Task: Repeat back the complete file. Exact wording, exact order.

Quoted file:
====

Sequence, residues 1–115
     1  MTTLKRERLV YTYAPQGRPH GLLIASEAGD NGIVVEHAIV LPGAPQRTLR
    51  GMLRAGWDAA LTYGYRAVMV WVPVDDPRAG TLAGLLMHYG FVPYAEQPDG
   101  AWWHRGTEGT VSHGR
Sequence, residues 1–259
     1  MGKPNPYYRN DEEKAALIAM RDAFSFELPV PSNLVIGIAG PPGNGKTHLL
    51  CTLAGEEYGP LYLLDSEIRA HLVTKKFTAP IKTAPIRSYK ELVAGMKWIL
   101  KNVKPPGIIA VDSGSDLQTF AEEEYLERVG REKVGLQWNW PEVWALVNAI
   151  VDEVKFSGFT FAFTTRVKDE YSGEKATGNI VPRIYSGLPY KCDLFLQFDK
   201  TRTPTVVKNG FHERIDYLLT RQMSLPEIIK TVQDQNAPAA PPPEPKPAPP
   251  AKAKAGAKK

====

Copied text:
Sequence, residues 1–115
     1  MTTLKRERLV YTYAPQGRPH GLLIASEAGD NGIVVEHAIV LPGAPQRTLR
    51  GMLRAGWDAA LTYGYRAVMV WVPVDDPRAG TLAGLLMHYG FVPYAEQPDG
   101  AWWHRGTEGT VSHGR
Sequence, residues 1–259
     1  MGKPNPYYRN DEEKAALIAM RDAFSFELPV PSNLVIGIAG PPGNGKTHLL
    51  CTLAGEEYGP LYLLDSEIRA HLVTKKFTAP IKTAPIRSYK ELVAGMKWIL
   101  KNVKPPGIIA VDSGSDLQTF AEEEYLERVG REKVGLQWNW PEVWALVNAI
   151  VDEVKFSGFT FAFTTRVKDE YSGEKATGNI VPRIYSGLPY KCDLFLQFDK
   201  TRTPTVVKNG FHERIDYLLT RQMSLPEIIK TVQDQNAPAA PPPEPKPAPP
   251  AKAKAGAKK